“There are arrangements already in place to provide safe options in the elections, including:

  1. postal voting will be available as it is at every election in Tasmania; and
  2. the TEC is now putting in place measures to significantly increase awareness and capability for postal voting for these upcoming elections. They will also be doing the same for pre-polling and the venues required;
  3. the TEC will also be introducing measures to further facilitate social distancing and good personal hygiene practices for all staff and voters at polling booths which may include things like additional supplies (such as pencils and hand sanitisers).”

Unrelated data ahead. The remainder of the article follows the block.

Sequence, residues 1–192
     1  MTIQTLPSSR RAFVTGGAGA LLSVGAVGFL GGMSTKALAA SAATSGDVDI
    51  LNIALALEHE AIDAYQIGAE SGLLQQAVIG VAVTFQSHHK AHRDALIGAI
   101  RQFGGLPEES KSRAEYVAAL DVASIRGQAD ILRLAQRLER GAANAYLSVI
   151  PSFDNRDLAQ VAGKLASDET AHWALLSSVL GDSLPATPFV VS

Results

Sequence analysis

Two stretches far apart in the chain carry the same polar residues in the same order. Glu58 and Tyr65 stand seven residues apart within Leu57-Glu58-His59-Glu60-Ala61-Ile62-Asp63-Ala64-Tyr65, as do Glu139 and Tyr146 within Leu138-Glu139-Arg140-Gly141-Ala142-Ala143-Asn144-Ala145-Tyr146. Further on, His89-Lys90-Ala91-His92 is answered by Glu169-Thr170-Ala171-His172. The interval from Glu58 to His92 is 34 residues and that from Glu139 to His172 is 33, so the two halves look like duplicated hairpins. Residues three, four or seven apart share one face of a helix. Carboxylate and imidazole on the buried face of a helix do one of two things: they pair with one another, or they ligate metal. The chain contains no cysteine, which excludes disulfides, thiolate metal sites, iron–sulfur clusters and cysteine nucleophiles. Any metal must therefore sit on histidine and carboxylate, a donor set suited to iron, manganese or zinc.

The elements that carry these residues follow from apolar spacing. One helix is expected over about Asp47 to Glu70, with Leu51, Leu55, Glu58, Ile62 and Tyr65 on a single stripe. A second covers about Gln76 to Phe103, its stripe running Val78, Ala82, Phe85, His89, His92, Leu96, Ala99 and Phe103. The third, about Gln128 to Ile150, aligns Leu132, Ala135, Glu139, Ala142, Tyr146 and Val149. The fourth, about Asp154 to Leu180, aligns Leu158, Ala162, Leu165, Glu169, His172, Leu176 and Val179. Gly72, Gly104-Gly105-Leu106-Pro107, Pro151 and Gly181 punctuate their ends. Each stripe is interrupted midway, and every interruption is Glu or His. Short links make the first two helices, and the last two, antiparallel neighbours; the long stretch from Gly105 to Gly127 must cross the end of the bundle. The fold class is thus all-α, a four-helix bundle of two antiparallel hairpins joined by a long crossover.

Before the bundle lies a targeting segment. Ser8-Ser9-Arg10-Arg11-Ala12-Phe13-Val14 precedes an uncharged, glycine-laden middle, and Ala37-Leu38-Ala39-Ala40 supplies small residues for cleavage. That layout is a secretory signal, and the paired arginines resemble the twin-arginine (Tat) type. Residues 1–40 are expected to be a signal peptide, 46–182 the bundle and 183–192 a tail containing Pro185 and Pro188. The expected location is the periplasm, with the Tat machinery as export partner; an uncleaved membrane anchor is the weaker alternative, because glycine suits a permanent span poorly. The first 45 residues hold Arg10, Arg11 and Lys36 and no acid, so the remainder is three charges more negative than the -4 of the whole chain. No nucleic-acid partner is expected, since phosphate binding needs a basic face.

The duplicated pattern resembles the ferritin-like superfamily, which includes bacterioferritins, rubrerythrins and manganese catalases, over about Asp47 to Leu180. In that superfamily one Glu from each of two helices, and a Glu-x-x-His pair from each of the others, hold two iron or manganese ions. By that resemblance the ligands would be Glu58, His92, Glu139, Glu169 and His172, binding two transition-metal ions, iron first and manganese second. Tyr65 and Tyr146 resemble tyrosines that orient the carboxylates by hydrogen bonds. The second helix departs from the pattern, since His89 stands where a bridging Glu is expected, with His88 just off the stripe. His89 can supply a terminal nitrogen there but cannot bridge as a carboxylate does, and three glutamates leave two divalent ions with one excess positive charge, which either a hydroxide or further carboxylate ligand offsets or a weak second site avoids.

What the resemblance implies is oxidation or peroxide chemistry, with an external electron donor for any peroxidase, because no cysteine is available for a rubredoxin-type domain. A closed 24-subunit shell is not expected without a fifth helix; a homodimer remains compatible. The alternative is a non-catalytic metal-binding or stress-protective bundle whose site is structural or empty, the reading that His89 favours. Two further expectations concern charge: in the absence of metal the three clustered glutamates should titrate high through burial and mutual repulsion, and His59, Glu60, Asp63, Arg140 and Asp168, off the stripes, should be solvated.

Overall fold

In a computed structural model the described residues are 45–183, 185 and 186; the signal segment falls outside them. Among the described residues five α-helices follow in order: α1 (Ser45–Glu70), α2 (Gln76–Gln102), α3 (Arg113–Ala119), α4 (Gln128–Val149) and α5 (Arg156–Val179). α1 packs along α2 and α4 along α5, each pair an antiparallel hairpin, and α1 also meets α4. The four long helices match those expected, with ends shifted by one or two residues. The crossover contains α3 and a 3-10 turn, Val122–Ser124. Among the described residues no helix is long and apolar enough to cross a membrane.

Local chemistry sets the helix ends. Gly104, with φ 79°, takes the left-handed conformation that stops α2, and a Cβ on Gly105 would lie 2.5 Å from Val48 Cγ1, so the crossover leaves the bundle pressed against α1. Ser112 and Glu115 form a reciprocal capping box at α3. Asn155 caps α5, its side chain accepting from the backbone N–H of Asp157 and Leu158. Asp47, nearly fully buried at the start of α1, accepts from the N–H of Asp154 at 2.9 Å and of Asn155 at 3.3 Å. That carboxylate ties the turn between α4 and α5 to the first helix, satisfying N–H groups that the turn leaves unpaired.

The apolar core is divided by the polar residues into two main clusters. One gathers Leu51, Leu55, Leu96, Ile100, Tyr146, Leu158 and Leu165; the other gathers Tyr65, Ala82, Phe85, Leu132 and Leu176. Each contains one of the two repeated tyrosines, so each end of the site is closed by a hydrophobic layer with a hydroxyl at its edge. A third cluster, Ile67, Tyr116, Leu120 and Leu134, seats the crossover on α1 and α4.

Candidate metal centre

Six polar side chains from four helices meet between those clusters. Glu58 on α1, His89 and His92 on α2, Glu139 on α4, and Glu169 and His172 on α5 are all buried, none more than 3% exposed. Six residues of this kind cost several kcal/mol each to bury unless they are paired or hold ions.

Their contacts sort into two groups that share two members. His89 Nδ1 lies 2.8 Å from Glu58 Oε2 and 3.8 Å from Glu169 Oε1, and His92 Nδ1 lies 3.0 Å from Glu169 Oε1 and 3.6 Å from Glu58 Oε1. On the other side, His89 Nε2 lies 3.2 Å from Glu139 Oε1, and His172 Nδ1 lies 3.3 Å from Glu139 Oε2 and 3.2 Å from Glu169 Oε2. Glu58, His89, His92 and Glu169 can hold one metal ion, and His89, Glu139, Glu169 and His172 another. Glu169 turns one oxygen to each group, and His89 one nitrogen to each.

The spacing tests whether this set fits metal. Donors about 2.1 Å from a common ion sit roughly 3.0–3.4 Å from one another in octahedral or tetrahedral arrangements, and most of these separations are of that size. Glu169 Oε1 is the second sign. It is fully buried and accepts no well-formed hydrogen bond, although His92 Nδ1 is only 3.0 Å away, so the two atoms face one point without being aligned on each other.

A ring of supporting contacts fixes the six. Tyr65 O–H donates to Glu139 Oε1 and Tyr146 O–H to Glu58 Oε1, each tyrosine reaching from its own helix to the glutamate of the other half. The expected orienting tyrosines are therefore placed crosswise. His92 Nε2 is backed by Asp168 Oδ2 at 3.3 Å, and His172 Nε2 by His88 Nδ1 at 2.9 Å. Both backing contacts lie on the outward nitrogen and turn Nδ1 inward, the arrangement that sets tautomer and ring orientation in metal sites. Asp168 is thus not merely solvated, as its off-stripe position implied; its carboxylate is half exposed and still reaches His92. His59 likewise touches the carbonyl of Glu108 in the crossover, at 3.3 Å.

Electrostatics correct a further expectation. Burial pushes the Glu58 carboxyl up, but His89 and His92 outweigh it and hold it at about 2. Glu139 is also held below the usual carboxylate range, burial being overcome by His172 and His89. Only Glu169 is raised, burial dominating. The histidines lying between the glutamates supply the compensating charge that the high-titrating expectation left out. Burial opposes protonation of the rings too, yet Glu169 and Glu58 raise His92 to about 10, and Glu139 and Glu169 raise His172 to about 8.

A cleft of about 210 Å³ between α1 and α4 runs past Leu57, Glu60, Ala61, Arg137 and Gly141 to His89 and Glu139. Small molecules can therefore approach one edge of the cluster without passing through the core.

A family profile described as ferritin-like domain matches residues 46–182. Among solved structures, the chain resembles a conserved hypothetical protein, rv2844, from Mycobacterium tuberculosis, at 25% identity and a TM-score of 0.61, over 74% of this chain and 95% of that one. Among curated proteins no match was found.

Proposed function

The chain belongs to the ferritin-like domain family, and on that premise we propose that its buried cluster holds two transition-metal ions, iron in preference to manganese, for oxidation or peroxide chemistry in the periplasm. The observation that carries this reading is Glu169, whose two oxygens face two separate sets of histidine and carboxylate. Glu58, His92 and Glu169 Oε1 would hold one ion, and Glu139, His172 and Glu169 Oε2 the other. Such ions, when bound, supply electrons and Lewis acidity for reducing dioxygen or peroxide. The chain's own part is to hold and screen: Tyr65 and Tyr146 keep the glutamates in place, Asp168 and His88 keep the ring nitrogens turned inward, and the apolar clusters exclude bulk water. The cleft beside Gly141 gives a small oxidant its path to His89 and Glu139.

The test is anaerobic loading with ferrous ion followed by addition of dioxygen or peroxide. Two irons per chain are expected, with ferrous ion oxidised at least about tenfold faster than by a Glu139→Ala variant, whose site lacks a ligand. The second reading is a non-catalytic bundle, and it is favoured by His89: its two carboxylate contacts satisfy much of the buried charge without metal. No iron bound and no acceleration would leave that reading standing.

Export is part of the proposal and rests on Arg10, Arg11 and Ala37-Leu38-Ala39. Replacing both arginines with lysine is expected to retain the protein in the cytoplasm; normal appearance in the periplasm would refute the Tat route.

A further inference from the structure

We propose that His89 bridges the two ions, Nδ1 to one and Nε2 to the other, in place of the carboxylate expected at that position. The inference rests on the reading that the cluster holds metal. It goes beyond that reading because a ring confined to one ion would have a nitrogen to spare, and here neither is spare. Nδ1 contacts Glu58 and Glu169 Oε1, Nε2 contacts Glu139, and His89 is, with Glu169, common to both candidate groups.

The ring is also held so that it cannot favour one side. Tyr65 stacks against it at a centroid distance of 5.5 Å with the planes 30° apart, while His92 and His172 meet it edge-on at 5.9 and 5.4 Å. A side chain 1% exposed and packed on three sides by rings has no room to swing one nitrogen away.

Foreign Investment Review Board – Independent MHR for Clark Andrew Wilkie called on the Federal Treasurer to ensure the Foreign Investment Review Board conducts more stringent assessments and applies more stringent criteria in the wake of the coronavirus crisis. “I am concerned that the volatile Australian stock market will make temporarily undervalued Australian companies vulnerable to being purchased by foreign corporate raiders,” he said. “I am calling on the Government to ensure that the Foreign Investment Review Board looks closely at all potential overseas purchases of Australian companies to make sure that any sale is not an opportunistic seizure by foreigners at odds with the long term social and economic interest of Australians.” He pointed to the $1.5b take-over of Bellamy later last year, after its shares had shed 62 per cent of their value over the preceding 18 months, which made it a bargain-buy for an overseas company.